With the debate over health care reform, Congress wasn't able to address many important tax issues for 2010, including the AMT exclusion. Watch for legislation during 2010.

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See our special reports for 2010 "hot topics."

We are including with this newsletter three reports about business debt cancellation, estate tax repeal and converting an IRA to a Roth. Be sure to look them over to see if they apply to you:

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Financial Insider Weekly is broadcast in more communities.

KMVT, cable channel 15 in Cupertino, Mountain View and Los Altos has agreed to broadcast my weekly television show, Financial Insider Weekly. The shows will be broadcast at 4 p.m. Friday afternoons. Check it out and tell your friends!

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Financial Insider Weekly broadcast schedule for January and February.

Financial Insider Weekly is broadcast in San Jose and Campbell on Wednesdays at 4:30 p.m., Pacific Time. You can watch it on Comcast channel 15 for those cities. The show is broadcast as streaming video at the same time at www.creatvsj.org.

Here are the scheduled interviews for January and February:

January 13, attorney David Kirsch, "When you owe taxes to the IRS"
January 20, attorney Bill Mahan, "Why you need a Will"
January 27, attorney Bill Mahan, "Estate and financial issues relating to your title to property"
February 3, Professor Patricia Cain, "Income tax problems of same sex couples"
February 10, Professor Patricia Cain, "Estate and gift tax problems of same sex couples"
February 17, David Beck, "Applying for financial aid for higher education"
February 24, David Beck, "Evaluating and appealing university offers and student loans"

Back episodes available at https://www.youtube.com/user/financialinsiderweek.

Let me know any ideas that you have for topics or guests. Guests will usually have to be located in or near the Silicon Valley in California.

Hope you can watch or record the show. Please tell your friends about it!

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New California penalty for failing to file change in ownership statements.

An acquiring person, including a trust or legal entity (partnership, LLC or corporation), must file Form BOE 100-B with the California State Board of Equalization within 45 days of a change of control or change in ownership of California real estate.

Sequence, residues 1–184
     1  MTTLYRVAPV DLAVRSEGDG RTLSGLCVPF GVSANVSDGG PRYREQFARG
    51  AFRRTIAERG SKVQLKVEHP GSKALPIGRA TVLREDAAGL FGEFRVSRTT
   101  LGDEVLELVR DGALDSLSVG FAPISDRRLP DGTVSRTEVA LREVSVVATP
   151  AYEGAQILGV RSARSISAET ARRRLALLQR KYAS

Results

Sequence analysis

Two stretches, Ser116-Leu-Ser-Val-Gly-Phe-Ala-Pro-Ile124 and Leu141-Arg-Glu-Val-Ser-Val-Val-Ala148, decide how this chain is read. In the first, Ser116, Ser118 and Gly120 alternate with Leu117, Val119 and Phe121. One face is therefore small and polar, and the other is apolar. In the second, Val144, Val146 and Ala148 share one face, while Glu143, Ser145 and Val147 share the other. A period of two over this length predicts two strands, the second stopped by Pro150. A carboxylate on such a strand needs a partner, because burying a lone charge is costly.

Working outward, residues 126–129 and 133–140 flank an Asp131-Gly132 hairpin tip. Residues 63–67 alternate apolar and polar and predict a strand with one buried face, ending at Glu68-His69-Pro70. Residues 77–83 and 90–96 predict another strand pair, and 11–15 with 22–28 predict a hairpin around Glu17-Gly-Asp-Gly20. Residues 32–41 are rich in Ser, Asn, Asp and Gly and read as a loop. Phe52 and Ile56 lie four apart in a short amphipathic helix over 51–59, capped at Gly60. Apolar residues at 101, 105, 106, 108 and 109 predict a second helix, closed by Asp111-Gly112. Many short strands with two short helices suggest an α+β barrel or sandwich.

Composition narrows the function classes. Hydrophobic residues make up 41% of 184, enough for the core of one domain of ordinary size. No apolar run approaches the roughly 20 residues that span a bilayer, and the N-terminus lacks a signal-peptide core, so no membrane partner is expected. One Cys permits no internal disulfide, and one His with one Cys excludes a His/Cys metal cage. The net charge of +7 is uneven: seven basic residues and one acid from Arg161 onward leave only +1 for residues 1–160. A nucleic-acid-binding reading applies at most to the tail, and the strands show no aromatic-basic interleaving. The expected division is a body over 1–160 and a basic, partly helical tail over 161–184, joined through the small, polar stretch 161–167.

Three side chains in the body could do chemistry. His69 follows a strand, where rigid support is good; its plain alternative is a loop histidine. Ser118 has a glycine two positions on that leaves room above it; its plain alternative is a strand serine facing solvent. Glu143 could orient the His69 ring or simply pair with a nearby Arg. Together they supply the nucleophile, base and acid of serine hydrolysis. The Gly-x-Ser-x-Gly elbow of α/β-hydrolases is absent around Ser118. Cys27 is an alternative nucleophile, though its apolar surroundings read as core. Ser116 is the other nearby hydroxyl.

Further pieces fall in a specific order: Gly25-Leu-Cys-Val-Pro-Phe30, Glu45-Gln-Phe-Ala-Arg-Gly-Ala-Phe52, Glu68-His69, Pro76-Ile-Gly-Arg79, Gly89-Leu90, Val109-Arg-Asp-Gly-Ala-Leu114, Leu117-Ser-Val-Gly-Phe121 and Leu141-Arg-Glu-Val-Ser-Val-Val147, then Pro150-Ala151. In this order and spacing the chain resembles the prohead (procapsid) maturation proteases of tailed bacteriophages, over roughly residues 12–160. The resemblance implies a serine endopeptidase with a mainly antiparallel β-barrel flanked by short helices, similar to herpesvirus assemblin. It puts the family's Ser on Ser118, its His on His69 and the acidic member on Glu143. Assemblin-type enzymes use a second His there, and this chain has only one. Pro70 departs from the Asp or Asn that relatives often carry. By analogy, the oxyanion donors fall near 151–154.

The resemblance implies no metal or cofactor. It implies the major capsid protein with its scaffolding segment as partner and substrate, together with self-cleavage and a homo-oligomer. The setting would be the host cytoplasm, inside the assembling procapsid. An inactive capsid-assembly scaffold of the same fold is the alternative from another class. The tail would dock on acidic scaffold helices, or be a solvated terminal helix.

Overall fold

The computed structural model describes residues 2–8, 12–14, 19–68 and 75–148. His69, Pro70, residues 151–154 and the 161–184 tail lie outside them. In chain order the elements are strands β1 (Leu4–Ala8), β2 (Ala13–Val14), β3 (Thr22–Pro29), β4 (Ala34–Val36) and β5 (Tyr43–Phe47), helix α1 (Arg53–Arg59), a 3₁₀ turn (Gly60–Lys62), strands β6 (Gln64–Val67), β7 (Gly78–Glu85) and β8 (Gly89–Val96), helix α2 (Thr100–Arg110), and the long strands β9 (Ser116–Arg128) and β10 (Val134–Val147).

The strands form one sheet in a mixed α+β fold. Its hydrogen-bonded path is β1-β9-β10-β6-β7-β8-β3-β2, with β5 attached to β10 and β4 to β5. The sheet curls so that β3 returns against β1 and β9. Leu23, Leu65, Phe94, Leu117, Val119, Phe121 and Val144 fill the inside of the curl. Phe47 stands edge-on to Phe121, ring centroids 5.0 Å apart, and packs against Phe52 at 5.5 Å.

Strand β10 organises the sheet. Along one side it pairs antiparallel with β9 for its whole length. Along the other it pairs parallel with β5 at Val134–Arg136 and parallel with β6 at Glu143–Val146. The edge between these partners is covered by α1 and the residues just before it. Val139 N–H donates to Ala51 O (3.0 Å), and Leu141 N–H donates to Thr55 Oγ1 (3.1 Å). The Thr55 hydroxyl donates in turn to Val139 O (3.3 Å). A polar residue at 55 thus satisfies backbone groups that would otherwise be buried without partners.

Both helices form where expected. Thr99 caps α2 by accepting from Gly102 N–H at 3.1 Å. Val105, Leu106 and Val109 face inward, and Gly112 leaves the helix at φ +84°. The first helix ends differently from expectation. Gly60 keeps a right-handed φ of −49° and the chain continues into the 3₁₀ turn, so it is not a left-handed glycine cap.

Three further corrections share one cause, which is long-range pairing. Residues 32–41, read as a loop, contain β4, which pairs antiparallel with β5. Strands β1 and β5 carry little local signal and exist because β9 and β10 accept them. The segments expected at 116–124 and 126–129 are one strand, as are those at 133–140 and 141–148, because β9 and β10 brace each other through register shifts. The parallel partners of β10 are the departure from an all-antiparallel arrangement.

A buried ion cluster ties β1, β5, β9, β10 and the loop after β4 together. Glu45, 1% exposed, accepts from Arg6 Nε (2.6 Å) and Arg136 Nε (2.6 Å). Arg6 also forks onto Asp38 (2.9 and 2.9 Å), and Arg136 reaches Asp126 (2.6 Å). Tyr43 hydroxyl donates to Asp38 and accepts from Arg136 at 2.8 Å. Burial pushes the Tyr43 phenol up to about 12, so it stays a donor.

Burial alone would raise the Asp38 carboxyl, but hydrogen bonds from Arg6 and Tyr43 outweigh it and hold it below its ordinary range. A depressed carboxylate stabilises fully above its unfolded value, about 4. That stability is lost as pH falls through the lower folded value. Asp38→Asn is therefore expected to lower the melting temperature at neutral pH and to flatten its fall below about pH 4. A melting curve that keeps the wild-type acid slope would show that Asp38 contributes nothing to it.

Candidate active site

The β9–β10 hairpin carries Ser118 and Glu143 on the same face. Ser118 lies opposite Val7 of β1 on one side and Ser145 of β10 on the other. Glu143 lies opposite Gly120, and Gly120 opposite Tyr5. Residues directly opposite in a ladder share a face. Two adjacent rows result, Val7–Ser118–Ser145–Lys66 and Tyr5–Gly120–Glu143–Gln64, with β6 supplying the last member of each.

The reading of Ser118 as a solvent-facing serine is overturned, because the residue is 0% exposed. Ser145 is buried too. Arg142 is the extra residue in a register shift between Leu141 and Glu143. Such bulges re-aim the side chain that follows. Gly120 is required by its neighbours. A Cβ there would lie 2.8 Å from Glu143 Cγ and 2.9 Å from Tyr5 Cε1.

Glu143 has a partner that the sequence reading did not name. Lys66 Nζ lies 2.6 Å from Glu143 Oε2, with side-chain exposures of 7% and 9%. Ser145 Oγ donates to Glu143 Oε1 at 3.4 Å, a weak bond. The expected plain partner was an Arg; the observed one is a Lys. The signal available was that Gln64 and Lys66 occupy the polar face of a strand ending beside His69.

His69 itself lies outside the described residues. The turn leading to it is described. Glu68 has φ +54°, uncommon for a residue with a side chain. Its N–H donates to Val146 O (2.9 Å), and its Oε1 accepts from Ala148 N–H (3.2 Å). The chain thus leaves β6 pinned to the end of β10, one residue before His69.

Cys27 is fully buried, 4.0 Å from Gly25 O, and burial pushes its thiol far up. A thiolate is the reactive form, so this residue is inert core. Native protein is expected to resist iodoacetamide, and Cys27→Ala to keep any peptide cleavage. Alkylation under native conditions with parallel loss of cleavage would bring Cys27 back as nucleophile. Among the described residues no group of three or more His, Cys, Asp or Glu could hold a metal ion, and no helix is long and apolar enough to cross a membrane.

Beginning January 1, 2010, new California law SB 816 provides that a penalty applies if the legal entity doesn't file Form BOE 100-B within 45 days from the earlier of 1) the date of change in control or change in ownership; or 2) the date of written request by the California State Board of Equalization.

The penalty is 10% of the real property taxes based on the reappraised amount if a change in ownership occurred. If no change in ownership occurred, the penalty is 10% of the current year's real property taxes.

Changes in ownership can occur from certain changes in title for the real estate or from changes in ownership of the legal entity that owns the real estate. The rules are too involved to list in detail here. See your attorney and/or tax advisor.

The Board of Equalization receives notices from the California Franchise Tax Board when questions about change of ownership are answered "yes" on California corporate and partnership income tax returns. The Board of Equalization uses this information to request reports from the entity.

Note that a change of ownership can take place at death. With the time it takes to administer an estate or trust, it will be a hardship for an executor, administrator or trustee to file this report in time. The executor or administrator of the estate might not even be appointed within the 45 days! Hopefully there will be a "reasonable cause" waiver of the penalty for this situation.

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Questions and Answers


I inherited real property appraised at $550,000 at the time of my mother's death on February 26, 2008. I recently sold the property for $390,000 on December 21, 2009. Improvements were made to the house. The house was never occupied or rented. Can I claim this loss?


I'm going to assume this was your mother's residence. (If it wasn't, you can clearly claim the loss.)

The situation of an inherited residence is more involved. The IRS Chief Counsel's office says in SCA 1998-012 that no loss can be claimed from the sale of a decedent's personal residence unless the property has been converted to an income-producing purpose (such as a rental).

The Tax Court ruled in favor of taxpayer's claiming long-term capital losses from sales of inherited residences in two cases, Pauline Miller Estate, TC Memo 1967-44, 26 TCM 229 (1967) and H.V. Watkins, TC Memo 1973-167, 32 TCM 809 (1973). In the Watkins case, the surviving husband and children lived in the home for six months after the decedent's death before moving out and selling it.

If you decide to claim the loss, consider disclosing the authority on your income tax return and be prepared for a wrestling match with the IRS.

(By the way, I would not convert the house to a rental at this point, because the IRS will still try to limit the depreciable basis to the fair market value when it is converted to a rental.)

Michael Gray regrets he can no longer personally answer email questions. He will answer selected questions in this newsletter.

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Dear readers:

Many of your questions relate to the sale of a principal residence. We have an article at our web site, "Could your residence be the ultimate tax shelter?" (www.realestateinvestingtax.com/residence.shtml) where you should be able to find the answers to most of these questions.

Many other questions relate to short sales and foreclosures. See our article on that subject at www.realestateinvestingtax.com/shortsale.shtml.

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Follow me on Twitter!

If you enjoy Twitter, please follow me at www.twitter.com/michaelgraycpa. I would especially appreciate retweets of our messages announcing episodes of Financial Insider Weekly.

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Michael Gray, CPA
2482 Wooding Ct.
San Jose, CA 95128
(408) 918-3162
FAX: (408) 938-0610
Hours: 8am - 5pm PDT Monday - Friday